I can imagine you sitting in an armchair 40 years from now, nursing your poison d’jour, reflecting on what has been, and then it suddenly hitting you… “2016 was brutal!”
Between celebrity deaths, political upheaval, and iPhones with no headphone jack – there’s barely been a moment to pause and catch your breath! It’s been a strange year, for sure, but as I write this blog one year on from “I don’t want to be an opera singer” , I can’t help but look back on 2016 as being one of the most euphoric, most challenging, most varied, and most rewarding years of my life. When I signed-off from the O Word in January I was uncertain of where I would be or what I would be doing right now, but none of what has followed featured in my wildest dreams! … but then again, some of my wildest dreams are terrifying, so maybe that’s for the best. Feel free to mosey on over @richard_nigel on twitter if you’d like to be all caught up! I probably did other things as well, but if I didn’t tweet about it, did it ever really happen?
As I embark on this particular Vocal Voyage, I wonder what value I have to add in writing a follow-up blog. I could certainly tell you all about what made 2016 special to me – but we’re all the protagonists of our own stories, and I doubt y’all would find me as interesting as I find myself! Perhaps the most useful aspect of my journey to young musicians back in Perth is how a BMus and MMus have served me in the world outside of opera… I definitely spent countless nights throughout college questioning what on earth I was going to do with my (seemingly) useless degrees!
These useless pieces of paper – but more importantly the skills I acquired in completing these degrees – have in fact opened a world of possibilities to me in Education. This past August I took up a post at a private boys school here in Manhattan, teaching music. I have never been more inspired in my life – by the work, by the chaps, and by my colleagues.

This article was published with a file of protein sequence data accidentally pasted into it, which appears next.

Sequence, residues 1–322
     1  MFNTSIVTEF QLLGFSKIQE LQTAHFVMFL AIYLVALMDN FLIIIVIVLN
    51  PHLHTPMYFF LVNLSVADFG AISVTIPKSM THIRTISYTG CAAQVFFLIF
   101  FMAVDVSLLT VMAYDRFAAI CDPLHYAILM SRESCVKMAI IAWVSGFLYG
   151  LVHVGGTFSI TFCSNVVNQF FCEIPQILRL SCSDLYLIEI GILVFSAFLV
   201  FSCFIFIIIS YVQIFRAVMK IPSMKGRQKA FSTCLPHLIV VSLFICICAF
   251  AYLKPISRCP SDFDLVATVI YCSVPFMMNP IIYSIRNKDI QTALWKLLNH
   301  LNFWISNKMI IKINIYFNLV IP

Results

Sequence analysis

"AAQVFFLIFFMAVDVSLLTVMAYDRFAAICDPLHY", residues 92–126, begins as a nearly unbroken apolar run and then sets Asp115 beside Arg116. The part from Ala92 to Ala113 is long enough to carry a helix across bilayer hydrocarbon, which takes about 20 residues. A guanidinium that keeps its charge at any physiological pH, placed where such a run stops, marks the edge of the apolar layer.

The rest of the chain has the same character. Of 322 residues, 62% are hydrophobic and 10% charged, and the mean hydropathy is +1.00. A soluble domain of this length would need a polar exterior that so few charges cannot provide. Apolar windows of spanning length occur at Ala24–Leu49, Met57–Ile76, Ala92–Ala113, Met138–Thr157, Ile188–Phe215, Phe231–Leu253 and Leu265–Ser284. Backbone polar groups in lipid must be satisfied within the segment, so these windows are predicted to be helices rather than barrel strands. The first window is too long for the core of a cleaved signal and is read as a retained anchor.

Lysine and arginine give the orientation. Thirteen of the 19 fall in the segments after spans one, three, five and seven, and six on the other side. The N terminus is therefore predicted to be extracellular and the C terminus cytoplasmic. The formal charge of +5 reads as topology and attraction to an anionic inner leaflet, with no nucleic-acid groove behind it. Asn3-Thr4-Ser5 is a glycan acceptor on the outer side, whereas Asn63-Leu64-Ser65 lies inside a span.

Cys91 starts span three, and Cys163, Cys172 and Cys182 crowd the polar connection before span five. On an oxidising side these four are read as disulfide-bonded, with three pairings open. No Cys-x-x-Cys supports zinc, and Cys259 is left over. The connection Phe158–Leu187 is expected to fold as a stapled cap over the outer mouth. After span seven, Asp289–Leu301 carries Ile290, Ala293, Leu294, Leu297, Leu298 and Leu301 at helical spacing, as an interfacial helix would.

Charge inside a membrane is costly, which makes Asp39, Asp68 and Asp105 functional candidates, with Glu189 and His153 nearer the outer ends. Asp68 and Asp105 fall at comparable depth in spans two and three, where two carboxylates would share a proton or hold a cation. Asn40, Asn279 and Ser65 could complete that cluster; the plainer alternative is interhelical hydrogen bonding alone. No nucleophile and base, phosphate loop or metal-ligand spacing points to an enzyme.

It’s at this point that I should give a shout-to my Form IV Music Survey chaps, who have done some thorough background-checking and read the entire Richie In The City series…Chaps, if you’re reading this, please click on this link:
I do not hold a degree in Education, but I’ll share with you below just a handful of takeaways from my BMus and MMus that have propelled me into this wonderful world. Enjoy!
The greatest tool my education has given me is a thirst for education. Certainly, as Socrates suggests, college will not teach you all you’d ever care to know about the works of Goethe, or allow you to master vocal technique. Rather the entire point (it seems to me) is to open your eyes to the vast ocean of information that exists in the world, and to give you the map, grit, and guile to go and explore it for yourself. Most obviously, this passion for education has certainly held me in good stead for an actual career in education.
I’m often drawn back to this quote. Music and the human race have a great oral tradition, and quote is an homage to all the mentors in my life – many of whom I’ve met during my BMus and MMus. I have had the privilege of meeting incredible people who selflessly give; of their time, and their wisdom. Hold on to these people. Your time at college is fleeting, but relationships can last a lifetime.
And, please, if the chance ever arises; pass it on.
This is a loaded quote – not because it’s particularly profound, but because of its story.
- The idea itself is probably the greatest gift WAAPA gave me, and is the lesson that has resonated with me the most. Since hearing this in 3rd year I have asked, not always received, but certainly the act of asking and deciding I want something has allowed me to focus-in on goals, put plans in-place, and achieved them.
- This quote is also a shining example that you can simultaneously loath a learning experience, and derive important knowledge…it is no secret that I haaaaated the class that this quote comes from (for myriad reasons), but I’m glad that I had the humility (if I do say so myself) to remain receptive to good ideas.
- This quote assumes privilege. I am a private school educated eurasian male, so I have a massive head-start in life. I absolutely knowledge this, and will leave that there for far more erudite people to unpack. All I’ll say is that I am proud that so many of my school friends are ‘asking’ and ‘getting’ in efforts to promote diversity and equity, as is our charge.
I often wonder if I would be where I am today if I had studied Education at college… and I don’t think I would be. Not because I wouldn’t be infinitely more educated in the techniques of teaching, but because in doing my degrees in music, at a time when I was focussed making vocal music, I learnt what it means to be passionate; the costs of passion, how to communicate passionately, how to be inspired. I tell my students that music is more than playing the right notes at the right time; music is passion. I’ve found it’s often executing tasks with passion that sets people apart. To bring it back to opera – Netrebko has her vocal flaws (who doesn’t!), but her performance is so much more than her singing. Her artistry, and her animalistic passion set audiences on fire! And..I am thankful everyday that I had my passion taken away from me as a result of becoming too institutionalized. For me it took loosing my passion for music to allow myself to fully appreciate it and for it to grow back stronger. I’M RAMBLING, but all this is to say:
Written by Richard Symons